As for crops, I plan on setting aside at the least 12 acres. I don’t know as much about plants as I do animals. I know enough to plant and grow them and tell when there is something wrong, and for the most part fix it, but I’ve never grown to feed myself, and if I can’t grow well I’ll starve, so I need to learn more.

    1 acre wheat
    2 for hay
    3 for barley
    1 for corn
    1 for herbs
    2 for potatoes and carrots
    2 for other plants I don’t imagine I’d need in large amounts, such as cucumbers and strawberries

    I was also going to scatter fruit bearing trees such as apple and pear throughout my property for shade and food. What stinks is that they take a few years to start bearing.

    Qs:
    Are there any companies that sell trees that are mature and are already bearing a good amount of fruit?
    Are there any diseases that strike the plants I listed in particular, especially the barley, hay and wheat?
    Do you recommend certain storage and preserving methods for different plants? I was thinking of making either an underground or aboveground cold-storage with concrete walls, but I’m unsure about the ventilation methods, how deep I should make it.
    How do I keep away grainbugs? I plan on using natural methods to deter pests, like sand strips for slugs, vinegar-water sprays, allowing ladybugs, aphids, encouraging such activity, but I know storing large amount of grains and herbs will make them want to come to my food!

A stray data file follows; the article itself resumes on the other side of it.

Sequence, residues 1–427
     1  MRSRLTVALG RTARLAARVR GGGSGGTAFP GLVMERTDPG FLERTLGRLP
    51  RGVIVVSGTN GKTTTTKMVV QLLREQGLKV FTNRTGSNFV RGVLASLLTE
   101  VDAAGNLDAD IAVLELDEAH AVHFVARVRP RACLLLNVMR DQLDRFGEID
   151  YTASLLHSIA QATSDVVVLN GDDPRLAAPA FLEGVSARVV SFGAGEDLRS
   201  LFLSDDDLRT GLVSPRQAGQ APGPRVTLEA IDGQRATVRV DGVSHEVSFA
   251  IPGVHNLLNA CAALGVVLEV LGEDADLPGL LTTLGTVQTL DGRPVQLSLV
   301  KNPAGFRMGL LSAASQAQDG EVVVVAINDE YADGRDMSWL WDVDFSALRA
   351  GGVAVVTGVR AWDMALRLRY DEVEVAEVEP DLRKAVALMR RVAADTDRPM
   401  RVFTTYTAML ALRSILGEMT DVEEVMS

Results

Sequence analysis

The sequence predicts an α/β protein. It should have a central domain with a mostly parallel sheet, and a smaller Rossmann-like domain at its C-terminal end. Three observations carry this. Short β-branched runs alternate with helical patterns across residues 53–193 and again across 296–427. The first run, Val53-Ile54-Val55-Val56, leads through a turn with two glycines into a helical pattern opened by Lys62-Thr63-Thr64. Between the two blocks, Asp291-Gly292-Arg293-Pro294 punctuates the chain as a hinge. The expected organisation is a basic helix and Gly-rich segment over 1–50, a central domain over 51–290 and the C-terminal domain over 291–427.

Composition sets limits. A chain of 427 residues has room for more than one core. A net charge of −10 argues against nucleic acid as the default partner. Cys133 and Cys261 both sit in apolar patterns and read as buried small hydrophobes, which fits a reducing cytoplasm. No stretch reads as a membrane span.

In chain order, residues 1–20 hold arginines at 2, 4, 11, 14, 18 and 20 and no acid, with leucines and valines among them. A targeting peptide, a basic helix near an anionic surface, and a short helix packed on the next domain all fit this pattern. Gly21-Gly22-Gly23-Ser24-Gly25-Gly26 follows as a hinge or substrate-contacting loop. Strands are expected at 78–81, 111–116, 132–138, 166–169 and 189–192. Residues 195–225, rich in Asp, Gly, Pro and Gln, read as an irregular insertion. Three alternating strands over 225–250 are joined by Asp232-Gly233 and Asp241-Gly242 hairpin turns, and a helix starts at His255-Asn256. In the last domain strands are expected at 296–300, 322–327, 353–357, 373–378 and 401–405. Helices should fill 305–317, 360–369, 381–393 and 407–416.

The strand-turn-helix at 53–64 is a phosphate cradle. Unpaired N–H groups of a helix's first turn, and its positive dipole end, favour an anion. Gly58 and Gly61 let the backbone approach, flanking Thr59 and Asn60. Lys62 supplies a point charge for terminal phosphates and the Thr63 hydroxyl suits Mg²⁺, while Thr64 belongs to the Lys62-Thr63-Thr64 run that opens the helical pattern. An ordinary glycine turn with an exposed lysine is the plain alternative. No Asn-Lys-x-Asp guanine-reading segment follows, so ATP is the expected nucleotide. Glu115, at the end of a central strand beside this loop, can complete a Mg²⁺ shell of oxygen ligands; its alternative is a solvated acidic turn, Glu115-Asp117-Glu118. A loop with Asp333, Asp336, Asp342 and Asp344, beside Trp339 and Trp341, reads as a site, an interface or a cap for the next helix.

Do any of those plants like special conditions, like sandy/clay soil, wether or not they’ll need wind-barriers, and where I should replant them after another plant? I heard that if you replant them where certain other plants were they grow better because the other plants give and take different nutrients to the soil.
    Should I introduce more worms into the soil so it’ll have more oxygen, or will they attract hungry moles?
    Should I keep bees so they’ll aid in pollenation, or will they get dangerous after a while?

    ————————————————————————————————————————————————-

    The Livestock

    I plan on starting out with:
    2 sows, a boar
    4 chickens and a rooster
    2 dairy cows
    4 female goats and a male goat
    2 male rabbits and 2 females

    Qs:
    Recommended breeds?
    What are vet costs to properly take care of them?
    How much food do they need/what does it cost?
    Diseases and disorders I should look out for/needed vaccinations?
    Recommended amount of space?
    Plants/substances that are toxic to them?
    Important facts about them I should note?

    I’m not totally a city slicker, so don’t coddle me or give me nondescript awnsers and treat me like I’ve never seen an animal before. I’ve owned the chickens before, and my grandmother had goats, but I never owned them so I know a little, but not enough to own them. The rabbits are easy to take care of and my agriculture class’ pet was a Flemish Giant, so I am familiar with their care, but I don’t want to make a mistake and mistreat one if I can help it.

    I plan on letting my cows graze, and I know I’ll need to supplement it with hay, but what is a good amount of acreage. I imagine if I calve them both every year, 14 acres would be a good start?

    I was also going to feed the goats, but I was going to let them pick through the pastures with the cows so they get a little more variety in their diet and some excersize. I also wanted to build them some stuff to climb on since I remembered my grandmother’s goats loved to climb. Any suggestions for safe things to climb up on?

    The chickens will be allowed to roam the gardens to take care of tomato worms, pick, etc, but I’ll supplement them with feed. Are there any good deterrents for foxes and hawks?

    The same with the rabbits, but I will keep them fenced in and bury the fence a good foot underground so they don’t escape because I know if I don’t, those little suckers will be GONE. I plan on breeding them for their meat and fur, selling it when I don’t eat it myself.